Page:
Conclusions – Nothing Much, Really

Rallies don’t last forever, and there are plenty of warning signs that stocks and other risk assets are due for a reversal. See here for one list of them. The problem is that a great many have been on the scene for many months, or longer. The traditional fundamental drivers of higher price (economic and earnings growth) haven’t justified anything close to record highs.

Some of the reasons cited aren’t even particularly compelling. For example, some worry about the rising USD as a hindrance to US exports. However US exports comprise less than 13% of GDP. It imports more than it exports. In 2012, total U.S. trade with foreign countries was $4.9 trillion. This consisted of $2.194 trillion in exports and $2.734 trillion in imports of both goods and services.

The point remains that the trend remains alive and well until proven otherwise. You can choose to buy on dips, or stand aside until a more substantial correction. The only clear thing to do is decide where to place your stop losses to protect yourself against a loss you can’t afford when the pullback comes.

Oh yes, if you do choose to go long stocks, at least consider those that give you some exposure to the currencies in long term uptrends versus your local currency. See here for one award winning guide on how to do that, whether you’re a short term trader or longer term income investor.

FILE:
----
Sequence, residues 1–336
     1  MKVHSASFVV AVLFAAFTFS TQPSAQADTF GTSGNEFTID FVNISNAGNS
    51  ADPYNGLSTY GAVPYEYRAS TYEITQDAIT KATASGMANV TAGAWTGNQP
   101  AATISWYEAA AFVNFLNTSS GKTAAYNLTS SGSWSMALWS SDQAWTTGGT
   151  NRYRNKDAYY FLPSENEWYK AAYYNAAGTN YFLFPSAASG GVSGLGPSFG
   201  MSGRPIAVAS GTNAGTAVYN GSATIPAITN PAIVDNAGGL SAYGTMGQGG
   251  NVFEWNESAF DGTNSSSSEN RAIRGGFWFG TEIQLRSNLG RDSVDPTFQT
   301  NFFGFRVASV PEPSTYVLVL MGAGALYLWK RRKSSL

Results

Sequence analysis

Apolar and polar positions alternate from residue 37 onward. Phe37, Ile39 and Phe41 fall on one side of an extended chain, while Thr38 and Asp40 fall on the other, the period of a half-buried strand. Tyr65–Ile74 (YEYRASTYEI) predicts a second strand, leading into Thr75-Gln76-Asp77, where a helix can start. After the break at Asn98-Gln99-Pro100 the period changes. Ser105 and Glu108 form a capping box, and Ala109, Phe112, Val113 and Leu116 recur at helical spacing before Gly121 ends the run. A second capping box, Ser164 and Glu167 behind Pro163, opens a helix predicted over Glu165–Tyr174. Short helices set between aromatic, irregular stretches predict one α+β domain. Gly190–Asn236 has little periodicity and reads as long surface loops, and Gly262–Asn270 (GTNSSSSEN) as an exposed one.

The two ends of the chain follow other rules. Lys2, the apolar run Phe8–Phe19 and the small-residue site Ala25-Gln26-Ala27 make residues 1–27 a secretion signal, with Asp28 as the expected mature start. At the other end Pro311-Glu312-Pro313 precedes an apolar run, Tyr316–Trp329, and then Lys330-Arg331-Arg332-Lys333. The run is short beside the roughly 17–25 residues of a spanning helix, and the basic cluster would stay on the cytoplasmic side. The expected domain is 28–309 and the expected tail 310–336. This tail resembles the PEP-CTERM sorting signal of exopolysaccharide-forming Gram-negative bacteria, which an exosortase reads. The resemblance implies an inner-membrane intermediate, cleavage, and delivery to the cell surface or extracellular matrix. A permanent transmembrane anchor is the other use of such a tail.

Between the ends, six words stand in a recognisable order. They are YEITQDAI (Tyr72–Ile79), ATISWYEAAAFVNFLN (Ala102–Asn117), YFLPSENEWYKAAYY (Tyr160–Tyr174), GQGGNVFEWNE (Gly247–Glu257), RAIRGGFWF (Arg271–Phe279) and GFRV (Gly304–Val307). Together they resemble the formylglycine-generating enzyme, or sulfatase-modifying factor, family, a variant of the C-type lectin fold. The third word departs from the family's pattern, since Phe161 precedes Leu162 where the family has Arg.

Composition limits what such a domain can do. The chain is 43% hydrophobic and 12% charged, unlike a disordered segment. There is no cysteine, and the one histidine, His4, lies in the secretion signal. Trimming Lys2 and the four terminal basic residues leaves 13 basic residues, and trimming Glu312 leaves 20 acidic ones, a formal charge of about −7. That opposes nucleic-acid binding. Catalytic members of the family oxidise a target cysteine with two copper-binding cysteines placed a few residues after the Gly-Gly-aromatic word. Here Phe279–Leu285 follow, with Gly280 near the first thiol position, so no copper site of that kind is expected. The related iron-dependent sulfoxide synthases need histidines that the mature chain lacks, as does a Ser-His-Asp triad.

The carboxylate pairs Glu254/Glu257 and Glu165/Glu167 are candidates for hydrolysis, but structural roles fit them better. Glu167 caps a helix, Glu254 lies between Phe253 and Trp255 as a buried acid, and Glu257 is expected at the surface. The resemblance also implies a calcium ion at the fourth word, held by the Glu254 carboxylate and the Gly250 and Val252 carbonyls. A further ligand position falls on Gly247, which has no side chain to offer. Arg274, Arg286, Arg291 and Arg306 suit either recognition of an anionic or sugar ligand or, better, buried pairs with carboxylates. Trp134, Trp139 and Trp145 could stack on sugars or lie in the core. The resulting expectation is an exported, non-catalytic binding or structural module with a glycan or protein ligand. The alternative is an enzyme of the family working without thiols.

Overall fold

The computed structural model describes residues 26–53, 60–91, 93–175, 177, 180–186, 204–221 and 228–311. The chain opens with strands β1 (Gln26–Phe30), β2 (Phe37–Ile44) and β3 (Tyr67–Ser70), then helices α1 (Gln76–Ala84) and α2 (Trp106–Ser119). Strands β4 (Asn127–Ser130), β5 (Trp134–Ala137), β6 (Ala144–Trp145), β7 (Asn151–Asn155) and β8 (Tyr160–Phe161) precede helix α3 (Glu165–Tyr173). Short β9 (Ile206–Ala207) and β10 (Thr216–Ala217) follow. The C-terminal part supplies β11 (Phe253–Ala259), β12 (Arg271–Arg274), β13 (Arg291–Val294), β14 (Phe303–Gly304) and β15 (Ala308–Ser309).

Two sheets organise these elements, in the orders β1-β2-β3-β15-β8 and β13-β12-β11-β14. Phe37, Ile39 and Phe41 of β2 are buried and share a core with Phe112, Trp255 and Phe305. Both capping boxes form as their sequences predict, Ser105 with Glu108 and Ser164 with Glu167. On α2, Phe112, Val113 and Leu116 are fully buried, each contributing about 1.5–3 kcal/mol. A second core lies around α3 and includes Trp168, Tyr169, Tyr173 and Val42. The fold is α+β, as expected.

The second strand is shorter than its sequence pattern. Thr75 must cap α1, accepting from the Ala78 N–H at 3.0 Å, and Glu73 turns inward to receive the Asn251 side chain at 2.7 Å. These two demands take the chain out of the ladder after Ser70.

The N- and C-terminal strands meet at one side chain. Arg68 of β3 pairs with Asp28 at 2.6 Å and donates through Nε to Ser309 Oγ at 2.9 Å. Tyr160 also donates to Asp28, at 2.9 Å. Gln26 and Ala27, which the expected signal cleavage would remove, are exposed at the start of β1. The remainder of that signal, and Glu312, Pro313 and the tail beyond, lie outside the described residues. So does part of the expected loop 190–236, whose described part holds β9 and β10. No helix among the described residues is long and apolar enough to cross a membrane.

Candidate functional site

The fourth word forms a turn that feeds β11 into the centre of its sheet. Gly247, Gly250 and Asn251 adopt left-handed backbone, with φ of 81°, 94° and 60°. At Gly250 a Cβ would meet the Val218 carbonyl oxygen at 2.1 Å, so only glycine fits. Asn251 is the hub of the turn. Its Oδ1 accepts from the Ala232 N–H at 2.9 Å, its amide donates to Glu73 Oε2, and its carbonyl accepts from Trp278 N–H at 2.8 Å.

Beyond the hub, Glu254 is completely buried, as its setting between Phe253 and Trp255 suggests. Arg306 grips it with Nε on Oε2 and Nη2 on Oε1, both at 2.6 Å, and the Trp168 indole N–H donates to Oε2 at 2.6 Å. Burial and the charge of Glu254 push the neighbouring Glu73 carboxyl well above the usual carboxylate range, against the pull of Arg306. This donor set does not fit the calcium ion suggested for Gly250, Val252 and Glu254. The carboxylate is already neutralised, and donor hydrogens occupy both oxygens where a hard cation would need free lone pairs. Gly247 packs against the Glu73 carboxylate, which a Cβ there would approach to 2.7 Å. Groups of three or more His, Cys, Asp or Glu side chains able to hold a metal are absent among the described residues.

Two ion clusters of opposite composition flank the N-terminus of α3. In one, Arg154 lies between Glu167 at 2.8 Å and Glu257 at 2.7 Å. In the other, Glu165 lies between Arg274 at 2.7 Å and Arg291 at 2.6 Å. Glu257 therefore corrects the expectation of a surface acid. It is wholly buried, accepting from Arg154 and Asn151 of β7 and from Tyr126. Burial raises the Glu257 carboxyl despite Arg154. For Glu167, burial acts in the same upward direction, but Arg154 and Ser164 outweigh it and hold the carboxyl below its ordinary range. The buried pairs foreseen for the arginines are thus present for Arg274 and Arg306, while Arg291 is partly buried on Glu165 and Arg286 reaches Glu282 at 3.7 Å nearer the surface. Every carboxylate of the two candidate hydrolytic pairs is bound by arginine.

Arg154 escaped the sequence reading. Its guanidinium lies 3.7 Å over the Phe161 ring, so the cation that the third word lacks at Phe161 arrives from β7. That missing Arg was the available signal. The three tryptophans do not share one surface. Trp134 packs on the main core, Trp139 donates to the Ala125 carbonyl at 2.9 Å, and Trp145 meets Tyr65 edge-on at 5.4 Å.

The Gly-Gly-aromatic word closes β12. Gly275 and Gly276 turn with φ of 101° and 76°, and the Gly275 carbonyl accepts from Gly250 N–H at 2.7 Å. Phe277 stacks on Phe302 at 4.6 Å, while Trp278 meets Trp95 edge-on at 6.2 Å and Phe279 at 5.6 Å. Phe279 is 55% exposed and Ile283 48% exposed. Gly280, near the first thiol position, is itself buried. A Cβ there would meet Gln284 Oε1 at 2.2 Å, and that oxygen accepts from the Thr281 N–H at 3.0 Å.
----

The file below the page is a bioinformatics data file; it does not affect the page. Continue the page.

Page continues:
Mind The Black Swans: One From The East, One From The West, One From The Middle East

From The West, The EU: As noted above, we fear the return of the EU crisis, simply because it hasn’t gone away, it’s just hibernating.

From The East Japan: Another seemingly unavoidable disaster, we just don’t know when. John Mauldin’s out with a great overview of the seemingly impossible Japan situation, see here for details.

From The Middle East: Israel shares three boarders with nations that have:

  • Limited or no control of their common boarder
  • Active proxy militias dedicated to wiping out Israel and attempting to use the chaos to bring in the means to do so.

Ok, that one’s been going on in one form or another for even longer. Again, there is no way to time the next outbreak or its extent, and as long as the next conflict doesn’t spill over enough to affect oil supplies, it’s unlikely to have much effect on markets.

Still, weak fundamentals and 2-3 potential market crashing situations that are more a matter of when than if. It’s a funny time for all-time highs.


DISCLOSURE /DISCLAIMER: THE ABOVE IS FOR INFORMATIONAL PURPOSES ONLY, RESPONSIBILITY FOR ALL TRADING OR INVESTING DECISIONS LIES SOLELY WITH THE READER.